In yet another measure to expand the scope of California’s equal pay laws, Assembly Bill 1209 proposes an addition to the Labor Code (section 2810.6) requiring larger employers to gather information relating to gender differentials in wages for certain employees. If signed by Governor Brown, section 2810.6 will require employers with more than 500 employees in California to submit this information to the Secretary of State, who will then make it publicly available on the internet. Governor Brown has until October 15, 2017 to sign or veto the bill. As of the date of this Advisory he has not stated his position on the bill.
AB 1209 provides that a gender wage differential does not – in and of itself – constitute a violation of the law, yet it is likely that publication of the required information will create the impression of unequal pay in certain circumstances. This could subject employers to meritless litigation and unwarranted negative publicity, or what some commentators have referred to as “wage shaming.” If enacted into law, AB 1209 would require an unprecedented public disclosure of wage-related information and create a variety of potential legal risks and compliance issues. Business organizations, including the California Chamber of Commerce, have strongly opposed the measure.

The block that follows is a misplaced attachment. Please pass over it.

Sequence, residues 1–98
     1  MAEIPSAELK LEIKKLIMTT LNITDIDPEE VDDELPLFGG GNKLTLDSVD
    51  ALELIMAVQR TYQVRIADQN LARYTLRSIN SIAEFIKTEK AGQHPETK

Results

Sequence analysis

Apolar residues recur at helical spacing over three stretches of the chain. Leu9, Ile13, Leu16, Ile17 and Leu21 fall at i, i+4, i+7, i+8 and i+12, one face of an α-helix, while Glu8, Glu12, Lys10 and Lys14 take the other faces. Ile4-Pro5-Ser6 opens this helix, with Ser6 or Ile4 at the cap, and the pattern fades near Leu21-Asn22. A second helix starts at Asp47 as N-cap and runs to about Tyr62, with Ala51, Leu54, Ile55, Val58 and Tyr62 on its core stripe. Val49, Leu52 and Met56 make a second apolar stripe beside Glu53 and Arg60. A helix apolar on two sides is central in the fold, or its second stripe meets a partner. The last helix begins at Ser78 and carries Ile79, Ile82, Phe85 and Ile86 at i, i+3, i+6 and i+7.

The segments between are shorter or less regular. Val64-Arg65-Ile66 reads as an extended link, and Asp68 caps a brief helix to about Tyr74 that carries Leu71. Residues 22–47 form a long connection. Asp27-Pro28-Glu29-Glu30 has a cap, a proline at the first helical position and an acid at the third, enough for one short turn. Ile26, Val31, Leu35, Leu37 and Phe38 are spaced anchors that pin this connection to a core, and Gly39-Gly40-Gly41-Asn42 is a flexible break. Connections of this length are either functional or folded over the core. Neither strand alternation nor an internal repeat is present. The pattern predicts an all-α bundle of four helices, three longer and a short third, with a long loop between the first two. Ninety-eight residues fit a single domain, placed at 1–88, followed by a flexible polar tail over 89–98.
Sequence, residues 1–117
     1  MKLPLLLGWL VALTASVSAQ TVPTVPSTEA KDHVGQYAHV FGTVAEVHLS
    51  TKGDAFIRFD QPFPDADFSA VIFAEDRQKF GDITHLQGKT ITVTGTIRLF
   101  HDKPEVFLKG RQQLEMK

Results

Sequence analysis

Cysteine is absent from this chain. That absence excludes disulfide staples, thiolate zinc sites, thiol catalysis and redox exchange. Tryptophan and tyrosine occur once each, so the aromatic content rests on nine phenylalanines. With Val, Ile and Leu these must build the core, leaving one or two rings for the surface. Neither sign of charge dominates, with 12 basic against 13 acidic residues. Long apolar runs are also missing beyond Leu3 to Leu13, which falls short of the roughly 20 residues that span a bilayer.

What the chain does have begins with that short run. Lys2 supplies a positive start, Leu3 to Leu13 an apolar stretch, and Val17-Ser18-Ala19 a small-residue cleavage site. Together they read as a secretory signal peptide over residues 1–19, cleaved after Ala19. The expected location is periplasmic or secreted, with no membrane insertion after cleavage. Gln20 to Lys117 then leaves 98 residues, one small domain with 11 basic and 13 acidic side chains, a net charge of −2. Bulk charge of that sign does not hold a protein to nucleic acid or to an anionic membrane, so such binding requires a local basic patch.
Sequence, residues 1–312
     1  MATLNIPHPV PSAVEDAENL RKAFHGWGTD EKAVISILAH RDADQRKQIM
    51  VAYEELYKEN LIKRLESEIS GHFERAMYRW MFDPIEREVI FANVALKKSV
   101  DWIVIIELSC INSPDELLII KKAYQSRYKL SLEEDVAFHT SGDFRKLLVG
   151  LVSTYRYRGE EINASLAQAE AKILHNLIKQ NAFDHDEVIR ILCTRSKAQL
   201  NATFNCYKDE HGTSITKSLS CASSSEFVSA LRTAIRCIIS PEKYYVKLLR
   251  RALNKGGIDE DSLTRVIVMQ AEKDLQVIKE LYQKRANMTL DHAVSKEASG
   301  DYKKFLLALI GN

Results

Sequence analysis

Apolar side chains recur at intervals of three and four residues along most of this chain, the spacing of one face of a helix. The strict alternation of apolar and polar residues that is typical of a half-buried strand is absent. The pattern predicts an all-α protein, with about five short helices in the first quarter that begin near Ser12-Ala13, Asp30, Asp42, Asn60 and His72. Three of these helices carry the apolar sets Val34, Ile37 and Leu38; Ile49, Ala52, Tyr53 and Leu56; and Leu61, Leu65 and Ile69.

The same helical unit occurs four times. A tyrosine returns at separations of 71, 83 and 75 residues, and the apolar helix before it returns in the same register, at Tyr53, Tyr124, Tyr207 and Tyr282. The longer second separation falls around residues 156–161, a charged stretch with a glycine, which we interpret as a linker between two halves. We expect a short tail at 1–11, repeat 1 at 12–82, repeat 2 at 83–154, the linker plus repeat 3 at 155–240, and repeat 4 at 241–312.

Current State of Equal Pay Law in California
For decades, under California Labor Code Section 1197.5 (the “California Equal Pay Act” or the “Act”), California employers have been prohibited from paying employees of one gender less than employees of the opposite sex for “equal work” at the same location.